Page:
Warning: Possible spoilers for "Sopranos" premiere.
So one FBI agent says to another, “Nobody ever went broke underestimating the taste of the American public.”
Out of the blue, this is the first thing heard in the first episode of the long-awaited return of HBO’s “The Sopranos.”
Why is a Fed quoting H.L. Mencken? If you’ve been counting the minutes until 9 p.m. ET Sunday, you need pay no mind to such a question. Or to this column either, beyond its observation that the new “Sopranos” season looks to be the strongest, most penetrating yet.
Enough said. Sunday’s premiere, titled “Members Only,” should be seen in its pure state, and yours, free of any advance skinny. That’s how I viewed it. Since then I have watched it three more times. It’s that good, from its eerie start to its startling climax. I only wish I could see it for the first time again.
There. Consider the preceding your spoiler alert.
The episode’s initial sequence, as mesmerizing as anything “The Sopranos” has framed in its five prior years, is a slyly disjointed succession of images — or what seems disjointed on first viewing. But what lies beneath is a fluid foreshadowing of the season ahead.
As the hour wears on, it seems Tony’s universe is breaking down.
Let Tony (played by James Gandolfini) pay lip service to his current run of luck — no, it’s “more than luck,” he boasts. In almost the same breath he confides a gnawing fear to his wife, Carmela (Edie Falco), adding, “Why do you think I toss at night? It ain’t just the apnea.”
But “Sopranos” mastermind David Chase and his creative team haven’t upped the tension level so much as introduced a whole new algorithm for conjuring dread.
“I’m worried,” Carmela tells a friend.
“Everybody worries,” her friend replies.
“No,” persists Carmela. “I am worried all the time.”
Let the characters worry. For the viewer, it’s thrilling to behold. It’s a rush.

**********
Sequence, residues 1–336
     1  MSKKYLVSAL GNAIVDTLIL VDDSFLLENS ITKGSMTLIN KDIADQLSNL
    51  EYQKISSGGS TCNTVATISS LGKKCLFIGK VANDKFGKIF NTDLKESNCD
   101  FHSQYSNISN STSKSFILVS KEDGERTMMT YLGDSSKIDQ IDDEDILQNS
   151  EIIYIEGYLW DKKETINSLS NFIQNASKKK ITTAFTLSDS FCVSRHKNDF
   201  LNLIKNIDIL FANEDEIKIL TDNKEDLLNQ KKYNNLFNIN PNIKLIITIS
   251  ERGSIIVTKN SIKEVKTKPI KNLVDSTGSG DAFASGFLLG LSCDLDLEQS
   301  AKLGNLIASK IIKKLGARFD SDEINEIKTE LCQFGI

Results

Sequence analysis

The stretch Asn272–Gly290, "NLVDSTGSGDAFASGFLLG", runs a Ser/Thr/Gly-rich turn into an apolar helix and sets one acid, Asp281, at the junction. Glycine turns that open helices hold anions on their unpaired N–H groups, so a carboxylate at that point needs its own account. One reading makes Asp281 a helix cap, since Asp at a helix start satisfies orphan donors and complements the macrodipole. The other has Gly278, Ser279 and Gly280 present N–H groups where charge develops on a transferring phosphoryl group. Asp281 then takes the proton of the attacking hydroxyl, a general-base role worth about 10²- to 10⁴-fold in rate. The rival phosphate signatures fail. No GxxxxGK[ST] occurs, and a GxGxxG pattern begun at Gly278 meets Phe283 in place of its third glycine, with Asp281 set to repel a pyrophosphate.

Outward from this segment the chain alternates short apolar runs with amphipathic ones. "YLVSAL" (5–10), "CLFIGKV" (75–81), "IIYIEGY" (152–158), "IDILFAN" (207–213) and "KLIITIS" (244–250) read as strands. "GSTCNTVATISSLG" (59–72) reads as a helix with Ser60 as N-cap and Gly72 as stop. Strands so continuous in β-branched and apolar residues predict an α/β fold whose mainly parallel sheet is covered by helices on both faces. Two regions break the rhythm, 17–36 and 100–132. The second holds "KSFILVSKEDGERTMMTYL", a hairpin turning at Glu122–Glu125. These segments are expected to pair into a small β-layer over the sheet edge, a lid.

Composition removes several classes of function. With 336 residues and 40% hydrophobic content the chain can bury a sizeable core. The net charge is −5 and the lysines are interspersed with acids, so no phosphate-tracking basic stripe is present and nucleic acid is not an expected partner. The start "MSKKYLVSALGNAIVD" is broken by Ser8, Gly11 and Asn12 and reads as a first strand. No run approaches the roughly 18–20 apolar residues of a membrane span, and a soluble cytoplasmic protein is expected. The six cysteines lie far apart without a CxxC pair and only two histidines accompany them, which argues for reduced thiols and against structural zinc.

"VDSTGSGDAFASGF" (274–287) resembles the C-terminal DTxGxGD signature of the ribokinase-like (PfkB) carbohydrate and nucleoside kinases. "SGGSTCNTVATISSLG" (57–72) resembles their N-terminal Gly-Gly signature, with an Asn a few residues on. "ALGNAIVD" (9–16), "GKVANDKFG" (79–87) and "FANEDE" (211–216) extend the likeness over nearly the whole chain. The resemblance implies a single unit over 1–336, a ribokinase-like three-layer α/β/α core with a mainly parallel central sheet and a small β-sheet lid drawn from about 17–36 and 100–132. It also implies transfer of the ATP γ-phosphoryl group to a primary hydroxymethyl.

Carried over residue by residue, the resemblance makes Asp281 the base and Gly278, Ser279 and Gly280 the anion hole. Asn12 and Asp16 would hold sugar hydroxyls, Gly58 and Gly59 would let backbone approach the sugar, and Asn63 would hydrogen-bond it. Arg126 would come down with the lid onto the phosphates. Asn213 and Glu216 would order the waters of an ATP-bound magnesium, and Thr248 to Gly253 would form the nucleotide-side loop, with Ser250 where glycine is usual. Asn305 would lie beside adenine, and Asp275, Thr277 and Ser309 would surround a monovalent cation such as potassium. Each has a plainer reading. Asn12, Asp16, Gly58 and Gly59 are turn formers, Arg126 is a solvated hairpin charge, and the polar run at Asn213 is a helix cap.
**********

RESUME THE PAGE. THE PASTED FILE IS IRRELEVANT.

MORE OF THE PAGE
Since Season Five’s conclusion in June 2004, roughly 18 months have passed in “Sopranos” Time as life goes on:
—Tony’s sister Janice (Aida Turturro) and her mobster-hubby Bobby Bacala (Steve R. Schirripa) have had a baby daughter.
—Carmela grows curious what happened to Adriana, whom no one has heard from, as Carmela notes, “for over a year” (around the time poor Ade was executed on Tony’s orders for having been an FBI informant).
—Tony’s hothead nephew Christopher (Michael Imperioli), who was Adriana’s fiance until playing his role in her disappearing act, is on the wagon (again) and all the more foul-tempered for his booze-and-drugs abstinence.
—And if you weren’t otherwise convinced that the world of Tony Soprano had been rocked in its moorings, ponder this: He and Carmela are hooked on Japanese cuisine. On the first episode, Tony dines out once on pasta, but three times on sushi.
“I don’t know about you, but ever since we found this place I catch myself fantasizing about this,” says Carmela as she savors a bite of eel.
“Me, too,” says Tony, grinning. “Sometimes during sex.”
Other things remain status quo.
Tony and Carmela’s teenage son A.J. (Robert Iler) is still a sullen screwup.
Tony, though currently skipping his antidepressants (not a good idea), still sees his psychiatrist, Dr. Melfi (Lorraine Bracco), though how much progress he has made in his six years of therapy is debatable: “You still, after all this time, cannot accept you had a mother who didn’t love you,” Melfi tells him as he squirms.
And Tony’s Uncle Junior (Dominic Chianese) has continued his Alzheimer’s-fueled descent into addled paranoia and hostility.
It still tears up Tony to see the old man losing his marbles — never mind that, a while back, Uncle Junior conspired with Tony’s mother to have him whacked. But Tony has his blind spots, typified when he lectures A.J. that “friends are gonna let you down. Family: They’re the only ones you can depend on.”
What really seems to haunt him is the loss of self he is seeing in his uncle — which only heightens his own existential doubts. Too introspective for his own good, Tony more than ever seems plagued by questions about who he is and how he can hold on to his identity.
The episode ends with Tony cooking dinner for Uncle Junior, with a vintage Artie Shaw record playing on the phonograph.
“Comes a rain storm, put your rubbers on your feet. Comes a snow storm, you can get a little heat.” The pop-song lyrics may recall for viewers Tony’s panic-stricken slog through the snow fleeing FBI agents at the end of last season. His shoes got soaked and he got cold, but he cheated fate then.
“Comes love,” the song continues — “nothing can be done.”
Can anything be done? As the season begins, that’s the terrifying question the episode ends with.